To silence the criticism that has plagued the development of hydroelectric mega-dams on the Congo River, Félix Tshisekedi's chief of staff is trying to unite the teams involved and garner their support for Australian mining giant Fortescue's project.
After a discussion with the boss of Fortescue Metals Group, the Australian firm slated to develop the Grand Inga project, the Congolese president Félix Tshisekedi abruptly cancelled a meeting devoted to the mega-dam project at which African Development Bank and African Union representatives had been due to speak.
The former British prime minister, whose Tony Blair Institute has been helping the DRC to develop its economic strategy, has warned President Tshisekedi against allowing the Australian giant Fortescue to be in sole charge of the development of the Grand Inga mega-dams.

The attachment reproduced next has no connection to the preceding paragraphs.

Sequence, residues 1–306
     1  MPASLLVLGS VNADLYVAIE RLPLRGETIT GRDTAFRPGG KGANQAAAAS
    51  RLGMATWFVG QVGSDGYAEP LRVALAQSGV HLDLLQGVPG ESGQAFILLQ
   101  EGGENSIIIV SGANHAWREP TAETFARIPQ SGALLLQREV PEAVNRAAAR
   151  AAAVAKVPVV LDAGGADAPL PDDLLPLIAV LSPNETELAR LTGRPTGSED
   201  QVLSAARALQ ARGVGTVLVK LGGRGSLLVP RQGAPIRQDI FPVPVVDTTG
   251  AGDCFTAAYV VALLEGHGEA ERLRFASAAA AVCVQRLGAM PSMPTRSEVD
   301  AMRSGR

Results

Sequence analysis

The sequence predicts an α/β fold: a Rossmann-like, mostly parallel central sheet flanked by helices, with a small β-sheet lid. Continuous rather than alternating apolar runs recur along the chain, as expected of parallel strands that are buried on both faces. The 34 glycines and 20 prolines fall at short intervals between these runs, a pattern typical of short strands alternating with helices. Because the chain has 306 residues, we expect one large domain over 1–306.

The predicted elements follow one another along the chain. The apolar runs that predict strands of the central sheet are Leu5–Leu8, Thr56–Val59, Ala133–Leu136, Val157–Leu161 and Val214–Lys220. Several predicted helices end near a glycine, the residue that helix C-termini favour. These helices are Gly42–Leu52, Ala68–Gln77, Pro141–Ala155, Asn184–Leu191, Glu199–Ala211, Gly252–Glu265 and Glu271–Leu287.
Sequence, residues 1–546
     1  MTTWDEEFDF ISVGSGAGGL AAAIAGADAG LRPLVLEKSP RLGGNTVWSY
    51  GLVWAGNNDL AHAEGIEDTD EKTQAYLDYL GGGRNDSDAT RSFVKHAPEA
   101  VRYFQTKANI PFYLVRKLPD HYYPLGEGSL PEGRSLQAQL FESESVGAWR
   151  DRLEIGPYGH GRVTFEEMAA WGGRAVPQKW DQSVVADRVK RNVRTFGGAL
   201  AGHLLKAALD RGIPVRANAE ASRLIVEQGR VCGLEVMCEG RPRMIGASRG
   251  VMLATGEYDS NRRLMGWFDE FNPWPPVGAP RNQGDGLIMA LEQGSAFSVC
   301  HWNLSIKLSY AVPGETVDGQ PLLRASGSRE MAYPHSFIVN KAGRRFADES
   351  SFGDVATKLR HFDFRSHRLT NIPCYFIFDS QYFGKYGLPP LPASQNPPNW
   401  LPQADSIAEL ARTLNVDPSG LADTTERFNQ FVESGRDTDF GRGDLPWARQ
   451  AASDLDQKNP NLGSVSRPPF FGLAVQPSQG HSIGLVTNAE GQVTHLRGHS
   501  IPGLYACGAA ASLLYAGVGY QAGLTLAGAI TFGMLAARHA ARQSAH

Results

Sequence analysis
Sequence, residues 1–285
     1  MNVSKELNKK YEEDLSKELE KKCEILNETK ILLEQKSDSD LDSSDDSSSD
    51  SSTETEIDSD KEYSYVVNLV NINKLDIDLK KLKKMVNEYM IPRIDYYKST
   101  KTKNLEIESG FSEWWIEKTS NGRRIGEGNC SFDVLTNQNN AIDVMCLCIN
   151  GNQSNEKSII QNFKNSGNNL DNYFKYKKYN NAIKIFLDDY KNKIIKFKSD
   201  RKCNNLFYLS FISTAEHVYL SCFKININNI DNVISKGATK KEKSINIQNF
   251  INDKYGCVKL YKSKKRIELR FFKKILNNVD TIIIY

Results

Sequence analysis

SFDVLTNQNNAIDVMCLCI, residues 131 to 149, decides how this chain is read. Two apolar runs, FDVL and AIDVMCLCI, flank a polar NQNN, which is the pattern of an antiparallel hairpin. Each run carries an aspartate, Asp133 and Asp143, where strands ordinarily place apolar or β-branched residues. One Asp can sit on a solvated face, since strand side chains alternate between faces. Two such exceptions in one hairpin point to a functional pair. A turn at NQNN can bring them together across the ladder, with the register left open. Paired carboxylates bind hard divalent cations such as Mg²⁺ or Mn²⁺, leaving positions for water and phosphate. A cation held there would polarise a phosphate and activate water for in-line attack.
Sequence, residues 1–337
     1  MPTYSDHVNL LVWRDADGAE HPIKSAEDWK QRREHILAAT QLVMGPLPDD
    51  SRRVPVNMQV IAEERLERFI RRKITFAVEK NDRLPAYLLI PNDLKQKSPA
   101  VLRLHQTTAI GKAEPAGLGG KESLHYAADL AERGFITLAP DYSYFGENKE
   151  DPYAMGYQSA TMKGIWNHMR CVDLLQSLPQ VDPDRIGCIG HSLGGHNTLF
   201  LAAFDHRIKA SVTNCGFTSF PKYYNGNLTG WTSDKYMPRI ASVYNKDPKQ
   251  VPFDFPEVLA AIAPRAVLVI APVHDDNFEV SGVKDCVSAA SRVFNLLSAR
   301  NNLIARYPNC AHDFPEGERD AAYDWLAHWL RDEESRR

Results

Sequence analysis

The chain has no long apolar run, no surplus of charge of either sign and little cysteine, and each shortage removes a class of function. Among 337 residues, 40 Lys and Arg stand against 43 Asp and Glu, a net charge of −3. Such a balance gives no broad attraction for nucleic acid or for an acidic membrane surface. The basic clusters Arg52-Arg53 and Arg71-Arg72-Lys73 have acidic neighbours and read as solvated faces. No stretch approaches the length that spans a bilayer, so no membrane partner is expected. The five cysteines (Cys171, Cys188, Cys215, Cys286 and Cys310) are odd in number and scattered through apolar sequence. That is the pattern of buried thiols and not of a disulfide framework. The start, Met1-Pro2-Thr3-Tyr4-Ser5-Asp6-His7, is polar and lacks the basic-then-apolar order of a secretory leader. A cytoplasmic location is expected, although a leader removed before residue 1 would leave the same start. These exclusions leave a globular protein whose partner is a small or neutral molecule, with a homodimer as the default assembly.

The African Development Bank is in talks with DRC authorities over its support for one of the vast Grand Inga project hydro-electric dams and is keen to see companies compete to develop it. At stake is some $55m in financing and the bank's seal of approval.
With two years left of his presidential term, Félix Tshisekedi wants to define the shape of the DRC's economic policy through to 2030 and the Tony Blair Institute for Global Change has drafted report to help with the task.
Executives from the Australian mining giant Fortescue have flown into the Congolese capital to discuss the modalities of a deal to generate a total 70 gigawatts of electricity in the country. Their trip comes as President Félix Tshisekedi prepares to choose between the various bidders for the Grand Inga project.